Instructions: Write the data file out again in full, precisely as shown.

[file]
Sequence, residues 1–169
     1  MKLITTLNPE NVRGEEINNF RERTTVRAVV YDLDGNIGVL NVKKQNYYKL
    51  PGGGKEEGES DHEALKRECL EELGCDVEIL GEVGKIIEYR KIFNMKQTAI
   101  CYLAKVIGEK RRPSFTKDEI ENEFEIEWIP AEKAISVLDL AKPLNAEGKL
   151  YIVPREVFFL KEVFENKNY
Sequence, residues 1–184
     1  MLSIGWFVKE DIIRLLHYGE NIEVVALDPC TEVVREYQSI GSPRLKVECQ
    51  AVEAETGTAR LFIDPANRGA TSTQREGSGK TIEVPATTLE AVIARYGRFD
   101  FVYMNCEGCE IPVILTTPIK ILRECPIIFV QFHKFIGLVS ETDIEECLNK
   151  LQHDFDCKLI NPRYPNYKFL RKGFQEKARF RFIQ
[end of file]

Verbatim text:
Sequence, residues 1–169
     1  MKLITTLNPE NVRGEEINNF RERTTVRAVV YDLDGNIGVL NVKKQNYYKL
    51  PGGGKEEGES DHEALKRECL EELGCDVEIL GEVGKIIEYR KIFNMKQTAI
   101  CYLAKVIGEK RRPSFTKDEI ENEFEIEWIP AEKAISVLDL AKPLNAEGKL
   151  YIVPREVFFL KEVFENKNY
Sequence, residues 1–184
     1  MLSIGWFVKE DIIRLLHYGE NIEVVALDPC TEVVREYQSI GSPRLKVECQ
    51  AVEAETGTAR LFIDPANRGA TSTQREGSGK TIEVPATTLE AVIARYGRFD
   101  FVYMNCEGCE IPVILTTPIK ILRECPIIFV QFHKFIGLVS ETDIEECLNK
   151  LQHDFDCKLI NPRYPNYKFL RKGFQEKARF RFIQ